Electronic conquistadors… how Future Sound of London went on tour via an ISDN cable
Today, we might think nothing of watching a live YouTube feed from a music festival, or uploading our latest mix to Mixcloud or any number of digital platforms.
A quarter of a century ago, however, this was in the realms of science fiction. At least until Future Sound of London came along.
Having earned critical acclaim from tracks such as Papua New Guinea and Lifeforms in the early 90s, in 1994 Future Sound of London, or FSOL, embarked on their most ambitious project yet… to bring their music ‘on the road’ via ISDN cables, the primordial soup of what we now know as broadband.
Akin to Marconi sending radio signals across the Atlantic, this was new territory for a music group, yet was in keeping with the ethereal experimentation the group was becoming famous for – 1993 single Cascade memorably extended to close to 40 minutes.
As the group’s Gary Cobain and Brian Dougans told Sound on Sound magazine in August 1994, the group’s plans to ‘tour’ via the medium of ISDN was a reaction to the current state of the music industry.
“Basically the idea is to break away from the hypocrisy of the way that electronic music is being forced on the road by a load of rock journalists,” Cobain explained.
“ I’ve nothing against electronic music going on the road at all, but I don’t think it’s the best forum for hearing that kind of music.”
At the time, the group had already performed a number of audio broadcasts via ISDN, for Kiss FM and for Pete Tong’s Essential Mix. But some 19 years before the first video was broadcast on YouTube, the next evolutionary step for the group was to be able to broadcast sound and pictures simultaneously, in a live gig setting.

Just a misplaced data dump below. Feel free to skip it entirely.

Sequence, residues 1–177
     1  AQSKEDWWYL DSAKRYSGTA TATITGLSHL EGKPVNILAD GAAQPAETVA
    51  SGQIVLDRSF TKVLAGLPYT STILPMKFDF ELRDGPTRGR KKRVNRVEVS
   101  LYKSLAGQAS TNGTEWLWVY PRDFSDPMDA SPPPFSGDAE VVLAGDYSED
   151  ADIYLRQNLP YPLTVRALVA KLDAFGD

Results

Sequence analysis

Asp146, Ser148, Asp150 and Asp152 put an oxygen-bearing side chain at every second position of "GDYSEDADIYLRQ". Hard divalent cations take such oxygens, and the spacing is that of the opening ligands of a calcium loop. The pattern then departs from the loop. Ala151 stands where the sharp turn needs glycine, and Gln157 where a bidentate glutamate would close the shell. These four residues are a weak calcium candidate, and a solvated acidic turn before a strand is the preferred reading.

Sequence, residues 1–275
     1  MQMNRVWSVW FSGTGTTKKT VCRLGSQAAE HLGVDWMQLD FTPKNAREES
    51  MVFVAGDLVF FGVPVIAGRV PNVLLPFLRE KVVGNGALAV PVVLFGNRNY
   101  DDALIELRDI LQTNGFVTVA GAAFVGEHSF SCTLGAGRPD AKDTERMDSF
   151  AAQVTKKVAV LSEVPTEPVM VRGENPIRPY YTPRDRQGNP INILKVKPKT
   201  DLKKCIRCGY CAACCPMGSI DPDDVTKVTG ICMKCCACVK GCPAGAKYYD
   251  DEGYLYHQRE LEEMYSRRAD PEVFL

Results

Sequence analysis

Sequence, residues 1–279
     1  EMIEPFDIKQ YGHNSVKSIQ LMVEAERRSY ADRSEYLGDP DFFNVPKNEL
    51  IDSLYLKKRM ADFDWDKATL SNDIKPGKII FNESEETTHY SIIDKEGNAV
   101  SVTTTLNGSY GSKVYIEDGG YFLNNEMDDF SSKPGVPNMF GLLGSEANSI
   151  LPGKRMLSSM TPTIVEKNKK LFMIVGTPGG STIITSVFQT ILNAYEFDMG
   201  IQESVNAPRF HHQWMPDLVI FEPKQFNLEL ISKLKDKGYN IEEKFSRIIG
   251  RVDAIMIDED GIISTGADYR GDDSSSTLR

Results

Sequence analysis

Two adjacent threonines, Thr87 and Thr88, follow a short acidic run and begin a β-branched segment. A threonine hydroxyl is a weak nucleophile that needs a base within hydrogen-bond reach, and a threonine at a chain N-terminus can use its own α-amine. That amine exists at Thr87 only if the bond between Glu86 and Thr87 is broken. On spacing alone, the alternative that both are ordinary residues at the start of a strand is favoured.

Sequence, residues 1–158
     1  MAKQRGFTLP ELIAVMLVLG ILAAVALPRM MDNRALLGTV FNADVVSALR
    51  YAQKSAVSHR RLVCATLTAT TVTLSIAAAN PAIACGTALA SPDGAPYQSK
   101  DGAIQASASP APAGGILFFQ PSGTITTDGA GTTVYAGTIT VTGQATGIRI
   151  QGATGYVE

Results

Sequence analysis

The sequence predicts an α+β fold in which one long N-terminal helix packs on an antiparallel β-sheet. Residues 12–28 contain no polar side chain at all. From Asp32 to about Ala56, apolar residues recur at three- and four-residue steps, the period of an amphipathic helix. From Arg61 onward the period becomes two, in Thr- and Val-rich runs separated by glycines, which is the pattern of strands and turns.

“We have a philosophy about sound and vision that a lot of people with a lot more expertise in the video industry just don’t have, and musicians are capable of it — there’s no video maker who can make a video better than the one that I’ve got in my head,” Cobain explained.
Even back in 1994, the duo suggests, electronic music was beginning to get stale, and a new approach was needed.
“Dance music has ceased to be productive, and it’s no longer productive for us at all,” said Cobain. “So we’ve been trying to de-learn that process from 1988 onwards — in order to get back to what we were like before, where we were really scared of what we were doing because we didn’t know what it was, there was no ‘home’ for it.
“Every time you hit the keyboard it’s like ‘I’ve heard that before’. It’s trying to come up with something that is not only coherent but a new form of coherence, something that we haven’t done or heard before. And that’s really difficult without getting self-indulgent. It’s a thin line, because I don’t want to spill over into the ‘avant-garde’ quagmire, which would be an easy step for us to take right now — like an album of complete sound, not a track in sight: a complete three-dimensional headspace.”
Their sonic experiments throughout 1994 even turned into an album, the aptly titled ISDN, released the following year, while arguably the group’s most famous ‘live show’ took place in 1997, at Essential Festival in Brighton… ‘for Internet junkies’, as The Independent newspaper put it.
Memorably, the gig was cut short after ten minutes, after just two tracks, due to ‘technical difficulties’…
But considering the maximum achievable bandwidth at the time (using three separate ISDN lines) was 22kbps, and the equipment used was somewhat rudimentary (a DSM100 Digital Audio Transceiver Unit was used to simply ‘plug’ the equipment into the phone line, what FSOL set out to achieve close to 25 years ago has to go down as a breakthrough moment in electronic music culture.
The full article is available to view here.